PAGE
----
$1 Million All-Star Race takes place Saturday

$1 Million All-Star Race takes place Saturday

May 16, 2017 3:05 AM


NASCAR’s All-Star Race takes place Saturday night at Charlotte Motor Speedway. It’s an exhibition race that offers no points, but the winner takes home a big $1 million check.

Even though this race is similar to a normal race weekend, an amenity every Cup Series driver – most live in the Charlotte area – likes about the Monster Energy All-Star weekend is they’ll be sleeping on their own pillows over the next two weeks with the Coca-Cola 600 running next weekend at Charlotte as well. It’s like the start of a mini-vacation after being on the road, staying in hotels and buses for the past 13 weeks.

As a fan I enjoy the All-Star race because I always feel like I get a maximum effort out of every team. No one is racing for points and they all want that big check. They let it all hang out and use up everything their car has to give. I also like that it’s only the best of the best. No jalopies to get in the way here.

The only way to be eligible for the race is by being a winner between the 2016 and 2017 seasons or a past All-Star Race winner. That’s a total of 16 drivers. Every other driver can race themself in by winning one of the three stages in the Monster Energy Open qualifying race. Then, whoever is left the fans can choose who they want to fill the 20th and final spot in the All-Star Race.

The format of the All-Star Race has a total of 70 laps broken up into four stages (20 laps, 20 laps, 20 laps,  10 laps). During the final 10 laps the field will be cut down to 10 drivers, who will qualify by having the best average finish during the first three stages. Winning any of the first three stages also qualifies a driver into the final stage, a 10-lap dash for the cash.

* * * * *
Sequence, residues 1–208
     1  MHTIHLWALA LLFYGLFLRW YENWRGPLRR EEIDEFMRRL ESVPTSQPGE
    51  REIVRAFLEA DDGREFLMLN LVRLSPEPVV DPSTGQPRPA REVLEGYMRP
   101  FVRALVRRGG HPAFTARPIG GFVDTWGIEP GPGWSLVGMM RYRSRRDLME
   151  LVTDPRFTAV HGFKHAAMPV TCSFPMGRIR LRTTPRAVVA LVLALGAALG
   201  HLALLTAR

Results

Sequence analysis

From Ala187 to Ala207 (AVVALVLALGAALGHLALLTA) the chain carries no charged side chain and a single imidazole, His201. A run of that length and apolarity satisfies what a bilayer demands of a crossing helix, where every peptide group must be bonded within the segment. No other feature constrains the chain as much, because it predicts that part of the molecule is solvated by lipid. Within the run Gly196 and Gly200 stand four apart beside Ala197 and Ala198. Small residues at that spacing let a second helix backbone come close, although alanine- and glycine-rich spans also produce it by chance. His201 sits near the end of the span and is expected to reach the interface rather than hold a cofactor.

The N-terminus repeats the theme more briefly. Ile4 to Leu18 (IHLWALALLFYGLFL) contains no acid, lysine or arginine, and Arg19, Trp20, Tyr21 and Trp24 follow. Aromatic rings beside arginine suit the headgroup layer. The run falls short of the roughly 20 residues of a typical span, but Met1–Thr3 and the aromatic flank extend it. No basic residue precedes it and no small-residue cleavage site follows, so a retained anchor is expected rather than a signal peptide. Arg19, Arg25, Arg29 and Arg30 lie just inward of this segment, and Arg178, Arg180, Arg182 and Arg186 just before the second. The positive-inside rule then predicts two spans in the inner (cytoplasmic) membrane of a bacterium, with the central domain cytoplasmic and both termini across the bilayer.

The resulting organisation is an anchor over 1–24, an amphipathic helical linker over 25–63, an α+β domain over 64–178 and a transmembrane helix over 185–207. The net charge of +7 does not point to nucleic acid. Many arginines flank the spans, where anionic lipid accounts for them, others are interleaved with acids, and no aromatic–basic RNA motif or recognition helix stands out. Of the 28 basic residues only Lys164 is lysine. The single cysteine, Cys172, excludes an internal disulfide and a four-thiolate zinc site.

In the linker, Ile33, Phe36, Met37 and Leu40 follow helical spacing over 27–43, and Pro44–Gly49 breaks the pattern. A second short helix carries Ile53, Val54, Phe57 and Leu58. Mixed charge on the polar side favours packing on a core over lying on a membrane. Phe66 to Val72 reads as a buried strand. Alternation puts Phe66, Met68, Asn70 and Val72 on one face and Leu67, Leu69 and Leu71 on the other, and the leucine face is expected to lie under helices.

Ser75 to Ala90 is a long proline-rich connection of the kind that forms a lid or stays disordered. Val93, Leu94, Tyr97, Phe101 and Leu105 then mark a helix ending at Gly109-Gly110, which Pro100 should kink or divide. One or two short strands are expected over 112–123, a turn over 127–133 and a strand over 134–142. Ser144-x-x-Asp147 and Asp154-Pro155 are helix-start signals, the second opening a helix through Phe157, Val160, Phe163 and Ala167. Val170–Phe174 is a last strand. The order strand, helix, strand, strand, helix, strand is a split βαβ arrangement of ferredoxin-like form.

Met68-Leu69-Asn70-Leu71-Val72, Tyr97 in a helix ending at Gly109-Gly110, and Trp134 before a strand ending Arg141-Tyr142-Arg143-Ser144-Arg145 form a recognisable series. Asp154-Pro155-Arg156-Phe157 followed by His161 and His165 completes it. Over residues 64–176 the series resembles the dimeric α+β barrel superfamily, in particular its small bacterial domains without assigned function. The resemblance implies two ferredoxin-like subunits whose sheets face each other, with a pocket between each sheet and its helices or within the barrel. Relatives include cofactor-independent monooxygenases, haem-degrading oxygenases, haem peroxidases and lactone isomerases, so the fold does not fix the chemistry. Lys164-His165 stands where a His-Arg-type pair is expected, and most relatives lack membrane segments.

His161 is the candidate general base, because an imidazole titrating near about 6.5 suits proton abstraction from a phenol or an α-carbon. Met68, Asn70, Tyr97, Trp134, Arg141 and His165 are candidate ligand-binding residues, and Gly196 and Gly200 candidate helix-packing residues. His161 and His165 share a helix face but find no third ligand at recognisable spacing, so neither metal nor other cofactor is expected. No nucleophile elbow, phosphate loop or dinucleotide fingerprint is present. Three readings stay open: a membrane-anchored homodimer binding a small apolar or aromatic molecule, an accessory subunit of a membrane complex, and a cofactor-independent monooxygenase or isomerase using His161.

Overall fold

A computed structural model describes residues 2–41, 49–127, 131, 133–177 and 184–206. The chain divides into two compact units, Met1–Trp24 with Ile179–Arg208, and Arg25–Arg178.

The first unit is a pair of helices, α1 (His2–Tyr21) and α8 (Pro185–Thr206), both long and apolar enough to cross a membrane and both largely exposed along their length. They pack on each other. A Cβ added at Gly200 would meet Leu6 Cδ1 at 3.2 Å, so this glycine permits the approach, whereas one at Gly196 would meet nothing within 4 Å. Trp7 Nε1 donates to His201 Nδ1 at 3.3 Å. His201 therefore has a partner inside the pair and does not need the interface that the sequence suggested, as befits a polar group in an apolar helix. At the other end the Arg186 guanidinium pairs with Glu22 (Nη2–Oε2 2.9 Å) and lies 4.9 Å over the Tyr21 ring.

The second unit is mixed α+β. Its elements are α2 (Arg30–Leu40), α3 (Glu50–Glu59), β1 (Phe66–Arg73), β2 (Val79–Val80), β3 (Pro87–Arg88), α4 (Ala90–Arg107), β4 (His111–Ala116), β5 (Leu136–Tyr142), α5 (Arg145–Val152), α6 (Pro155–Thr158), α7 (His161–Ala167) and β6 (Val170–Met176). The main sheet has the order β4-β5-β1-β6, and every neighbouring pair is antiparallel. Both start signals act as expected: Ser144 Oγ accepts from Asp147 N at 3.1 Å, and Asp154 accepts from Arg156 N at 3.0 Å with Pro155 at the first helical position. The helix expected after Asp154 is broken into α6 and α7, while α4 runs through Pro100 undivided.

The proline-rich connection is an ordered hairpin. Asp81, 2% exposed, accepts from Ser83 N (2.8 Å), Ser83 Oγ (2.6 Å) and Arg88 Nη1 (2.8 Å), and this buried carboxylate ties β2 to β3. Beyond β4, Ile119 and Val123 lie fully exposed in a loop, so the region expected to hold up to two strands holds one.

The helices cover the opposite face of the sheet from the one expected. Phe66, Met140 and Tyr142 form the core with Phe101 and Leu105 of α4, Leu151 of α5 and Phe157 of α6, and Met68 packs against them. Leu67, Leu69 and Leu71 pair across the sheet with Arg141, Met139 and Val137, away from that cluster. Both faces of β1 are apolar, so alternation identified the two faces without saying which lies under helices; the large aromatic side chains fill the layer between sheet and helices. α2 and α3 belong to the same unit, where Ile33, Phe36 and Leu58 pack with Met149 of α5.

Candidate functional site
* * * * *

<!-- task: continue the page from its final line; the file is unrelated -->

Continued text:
So just who is the most likely to be holding that big check up in the air when that 10-lap dash is over?

We’ve had four races on 1.5-mile tracks this season and I think we can take a piece of each and incorporate it into a handicapping process. The layout closest to Charlotte’s is its sister track in Atlanta because of the similar steep banking. Brad Keselowski won that race, but Kevin Harvick dominated, leading 292 of the 325 laps.

The one negative with putting too much emphasis on Atlanta is that it was the first race of the season on a 1.5-mile track. A lot has happened since then and the teams have all learned on the fly how to best approach this new low downforce package.

Martin Truex Jr. appears to have it figured out the best since he won at Las Vegas and last week at Kansas. Jimmie Johnson got the win at Texas in the other race on 1.5s. Johnson has four All-Star race wins over his career.

The stand out in all four situations was Kyle Larson with three runner-ups and sixth-place. Keselowski and last year’s All-Star Race winner Joey Logano have also shown to have a decided edge over most of the field.

A driver that will have to race himself in to qualify is Ryan Blaney, who led 83 laps last week at Kansas. He’s got the type of stuff that could actually win the race. If he did win, he’d be the second driver to win his first career Cup race in the All-Star, which would be ironic because the first driver to do it, Michael Waltrip, also drove the famed No. 21 Wood Brothers Ford.